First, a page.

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Happy Birthday Col. John Boyd

January 22, 2011 Leave a comment Go to comments

John Boyd (January 23, 1927 – March 9, 1997) would have been 84 on Sunday.  If you are familiar with Col. Boyd and his work, raise a glass today.  If not, I recommend the following sources:  

Boyd’s Briefings at Defense and the National Interest

The Mind of War by Grant T. Hammond 

From the Inside Flap

The ideas of U.S. Air Force Colonel John Boyd (1927-1997) have transformed American military policy and practice. A first-rate fighter pilot and a self-taught scholar, he wrote the first manual on jet aerial combat; spearheaded the design of both of the Air Force’s premier fighters, the F-15 and the F-16; and shaped the tactics that saved lives during the Vietnam War and the strategies that won the Gulf War. In addition, Boyd led the Military Reform Movement in the 1970s and the 1980s, calling for radical change in Pentagon procurement procedures. A perceptive and original thinker, he synthesized ideas from across disciplines to formulate his own philosophy about warfare, competition, decision making, and the nature of leadership.

Many of America’s best-known military and political leaders consulted Boyd on matters of technology, strategy, and theory. His notions of time cycles and competitive behavior–known as OODA loops (Observation, Orientation, Decision, and Action)–have influenced not only military combat but also business models in the United States and abroad. Yet despite Boyd’s influence within the military and in a variety of professional circles, he published nothing, preferring military briefings as his medium.

In “The Mind of War”, Grant T. Hammond offers the first complete portrait of Boyd, his groundbreaking ideas, and his enduring legacy. Based on extensive interviews with Boyd and with those who knew him as well as on a close analysis of Boyd’s briefings, this intellectual biography brings the work of an extraordinary thinker to a broader public.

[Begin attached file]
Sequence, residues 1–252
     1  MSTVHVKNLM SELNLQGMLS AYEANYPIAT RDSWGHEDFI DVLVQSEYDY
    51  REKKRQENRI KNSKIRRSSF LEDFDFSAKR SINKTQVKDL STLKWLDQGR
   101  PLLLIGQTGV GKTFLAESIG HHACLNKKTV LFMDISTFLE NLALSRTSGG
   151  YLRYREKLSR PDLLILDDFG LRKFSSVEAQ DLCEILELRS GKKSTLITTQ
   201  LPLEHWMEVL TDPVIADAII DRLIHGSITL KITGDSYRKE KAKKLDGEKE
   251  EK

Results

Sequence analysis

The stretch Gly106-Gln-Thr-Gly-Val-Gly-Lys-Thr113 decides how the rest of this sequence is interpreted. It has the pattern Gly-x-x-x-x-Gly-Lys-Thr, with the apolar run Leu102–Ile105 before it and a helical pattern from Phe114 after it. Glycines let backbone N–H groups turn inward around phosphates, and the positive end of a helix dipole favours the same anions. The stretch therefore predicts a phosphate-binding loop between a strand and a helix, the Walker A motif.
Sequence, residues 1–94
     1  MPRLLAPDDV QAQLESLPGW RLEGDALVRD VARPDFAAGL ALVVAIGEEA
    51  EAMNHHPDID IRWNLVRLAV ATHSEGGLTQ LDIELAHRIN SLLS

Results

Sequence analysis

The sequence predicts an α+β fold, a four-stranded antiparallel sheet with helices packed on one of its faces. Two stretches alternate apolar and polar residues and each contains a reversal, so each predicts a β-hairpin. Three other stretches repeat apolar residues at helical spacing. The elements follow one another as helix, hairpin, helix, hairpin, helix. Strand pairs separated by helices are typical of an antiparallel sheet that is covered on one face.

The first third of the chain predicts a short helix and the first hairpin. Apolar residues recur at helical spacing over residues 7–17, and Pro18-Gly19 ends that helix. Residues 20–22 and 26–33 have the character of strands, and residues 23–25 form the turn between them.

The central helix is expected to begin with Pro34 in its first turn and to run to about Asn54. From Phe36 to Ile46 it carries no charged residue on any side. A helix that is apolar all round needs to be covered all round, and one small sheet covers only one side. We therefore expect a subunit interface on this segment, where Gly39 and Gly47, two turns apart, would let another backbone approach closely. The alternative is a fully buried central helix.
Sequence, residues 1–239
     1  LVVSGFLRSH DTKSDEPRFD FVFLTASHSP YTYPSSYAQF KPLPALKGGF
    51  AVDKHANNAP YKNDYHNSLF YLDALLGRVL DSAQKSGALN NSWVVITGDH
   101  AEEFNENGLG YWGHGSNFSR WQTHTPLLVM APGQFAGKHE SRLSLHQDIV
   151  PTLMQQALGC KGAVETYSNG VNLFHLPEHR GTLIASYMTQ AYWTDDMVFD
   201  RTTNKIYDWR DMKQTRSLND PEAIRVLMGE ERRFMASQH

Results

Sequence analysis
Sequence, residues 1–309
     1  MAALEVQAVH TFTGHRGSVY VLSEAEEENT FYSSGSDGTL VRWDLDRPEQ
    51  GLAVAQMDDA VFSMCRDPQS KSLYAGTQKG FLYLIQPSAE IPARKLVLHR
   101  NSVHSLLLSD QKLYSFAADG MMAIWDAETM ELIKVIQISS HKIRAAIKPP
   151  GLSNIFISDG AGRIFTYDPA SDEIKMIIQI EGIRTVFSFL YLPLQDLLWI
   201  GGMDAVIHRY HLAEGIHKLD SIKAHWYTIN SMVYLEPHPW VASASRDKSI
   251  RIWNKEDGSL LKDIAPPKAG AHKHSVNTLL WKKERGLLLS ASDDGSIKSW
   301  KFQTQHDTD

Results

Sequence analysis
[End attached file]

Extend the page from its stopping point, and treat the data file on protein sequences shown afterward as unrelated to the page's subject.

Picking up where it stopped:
About the Author

Grant T. Hammond, director of the Center for Strategy and Technology and professor of international relations at the Air War College, is the author of Plowshares into Swords: Arms Races in International Politics, 1840-1991.

Boyd: The Fighter Pilot Who Changed the Art of War
A great American hero-a 20th-century warrior and military strategist who lived outside the spotlight but whose work has been enormously influential-is brought brilliantly to life in this acclaimed biography. John Boyd was the finest fighter pilot in American history. From the proving ground of the Korean War, he went on to win notoriety as the instructor who defeated-in less than 40 seconds-every pilot who challenged him. But what made Boyd a man for the ages was what happened after he left the cockpit. He transformed the way military aircraft-in particular the F-15 and F-16-were designed with his revolutionary Energy-Maneuverability Theory. Boyd dedicated his later years to a radical theory of conflict that was largely ignored during Boyd’s lifetime, but that is now widely considered to be the most influential thinking about conflict since Sun Tzu’s The Art of War. 

About the Author

Robert Coram is the author of three acclaimed nonfiction books and seven novels. Twice nominated for a Pulitzer Prize for his work in the “Atlanta Constitution,” he has written for “The New Yorker.” He is also one of the few civilians to have flown in both the F-100 and the F-15. Coram lives in Atlanta

Science, Strategy, and War: The Strategic Theory of John Boyd 

John Boyd is often known exclusively for the so-called ‘OODA’ loop model he developed. This model refers to a decision-making process and to the idea that military victory goes to the side that can complete the cycle from observation to action the fastest.